Stellar Recruiting for a Tight Labor Market
EDS is willing to go wherever necessary to find talent. In addition to attending the U.S. Sunrayce, EDS has had representatives go to ski slopes to whoosh down the mountains distributing EDS flyers and T-shirts. The purpose: to immediately gather recruits as well as build name recognition. Efforts such as these are crucial for the company's very survival. In 1997 alone, the enterprise had to fill 15,000 new slots. With numbers like that, and a low-unemployment rate looming, the global titan (with 110,000 employees) must come up with innovative, effective recruiting and staffing methods.
EDS isn't alone. Today's tight labor market poses the threat of failure to businesses across America. According to the May 1998 figures of the U.S. Bureau of Labor Statistics, unemployment dove to 4.3 percent. In reaction to this threat, organizations are launching an array of creative staffing techniques. Some use innovative tactics such as sponsoring and attending Sunrayce. Others exploit more traditional methods, but add new twists to help their companies stand out. However, all focus on ingenious ways to staff their firms to avoid a chasm of vacant job positions.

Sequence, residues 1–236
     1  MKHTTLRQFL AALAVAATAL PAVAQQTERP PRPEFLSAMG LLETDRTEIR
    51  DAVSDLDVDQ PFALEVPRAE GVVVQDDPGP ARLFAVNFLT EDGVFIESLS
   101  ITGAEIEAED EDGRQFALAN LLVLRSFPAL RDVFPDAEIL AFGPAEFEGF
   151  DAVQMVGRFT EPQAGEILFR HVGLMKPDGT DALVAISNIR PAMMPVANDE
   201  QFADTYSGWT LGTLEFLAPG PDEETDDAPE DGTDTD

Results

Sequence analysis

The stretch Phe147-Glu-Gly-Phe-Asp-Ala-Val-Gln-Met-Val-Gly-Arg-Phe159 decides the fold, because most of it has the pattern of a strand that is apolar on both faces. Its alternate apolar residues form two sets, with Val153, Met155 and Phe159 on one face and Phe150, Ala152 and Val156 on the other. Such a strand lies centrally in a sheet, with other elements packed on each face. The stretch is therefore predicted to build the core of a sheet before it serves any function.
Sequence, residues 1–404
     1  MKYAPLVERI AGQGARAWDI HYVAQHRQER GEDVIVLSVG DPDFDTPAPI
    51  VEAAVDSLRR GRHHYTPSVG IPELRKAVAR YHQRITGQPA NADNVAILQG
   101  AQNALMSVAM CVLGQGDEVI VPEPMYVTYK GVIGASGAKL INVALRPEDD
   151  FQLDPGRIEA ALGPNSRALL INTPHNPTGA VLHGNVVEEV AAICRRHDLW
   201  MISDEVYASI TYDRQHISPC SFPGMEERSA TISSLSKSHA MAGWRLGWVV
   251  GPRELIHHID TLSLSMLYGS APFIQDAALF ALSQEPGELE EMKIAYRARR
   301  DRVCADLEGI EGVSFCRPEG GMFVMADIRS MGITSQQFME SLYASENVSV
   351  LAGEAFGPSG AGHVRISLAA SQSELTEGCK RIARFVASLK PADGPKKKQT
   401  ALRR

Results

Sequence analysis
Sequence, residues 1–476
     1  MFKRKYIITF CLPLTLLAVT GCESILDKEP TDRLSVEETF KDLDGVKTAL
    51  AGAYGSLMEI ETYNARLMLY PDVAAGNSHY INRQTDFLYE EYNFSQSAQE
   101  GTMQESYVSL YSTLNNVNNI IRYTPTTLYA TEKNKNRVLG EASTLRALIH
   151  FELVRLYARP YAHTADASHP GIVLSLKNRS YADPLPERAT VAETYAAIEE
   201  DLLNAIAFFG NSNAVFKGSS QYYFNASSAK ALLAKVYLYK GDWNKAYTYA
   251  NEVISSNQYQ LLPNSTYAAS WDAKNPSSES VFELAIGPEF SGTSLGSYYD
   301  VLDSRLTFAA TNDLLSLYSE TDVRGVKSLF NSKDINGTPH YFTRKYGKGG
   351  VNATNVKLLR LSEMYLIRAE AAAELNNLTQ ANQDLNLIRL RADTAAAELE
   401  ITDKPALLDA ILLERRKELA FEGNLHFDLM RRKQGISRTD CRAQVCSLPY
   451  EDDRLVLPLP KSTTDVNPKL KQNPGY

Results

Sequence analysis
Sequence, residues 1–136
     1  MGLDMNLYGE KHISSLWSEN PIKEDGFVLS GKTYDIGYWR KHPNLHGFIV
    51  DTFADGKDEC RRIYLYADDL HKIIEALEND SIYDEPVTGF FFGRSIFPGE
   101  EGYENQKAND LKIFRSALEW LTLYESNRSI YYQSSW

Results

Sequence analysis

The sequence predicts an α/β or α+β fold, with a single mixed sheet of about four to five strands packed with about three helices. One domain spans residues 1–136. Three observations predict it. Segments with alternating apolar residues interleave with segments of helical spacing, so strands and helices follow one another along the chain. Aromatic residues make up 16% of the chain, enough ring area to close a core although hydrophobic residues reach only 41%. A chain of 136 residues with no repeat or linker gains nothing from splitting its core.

"This is absolutely critical to us," says Marsha Clark, corporate vice president of employee development at EDS, "and we're examining all kinds of innovative ways to get the word out about EDS and attract good people."
Don't underestimate relationship building.
One of the most effective ways to attract good people is by developing name recognition for your company. The Internet is an efficient tool to accomplish this. Another is building relationships.
EDS recruits two to three thousand new employees a year from colleges. The company has 50 targeted colleges where HR develops relationships with placement offices, deans of business and engineering schools, financial aid offices (because EDS offers scholarships) and several multicultural business organizations.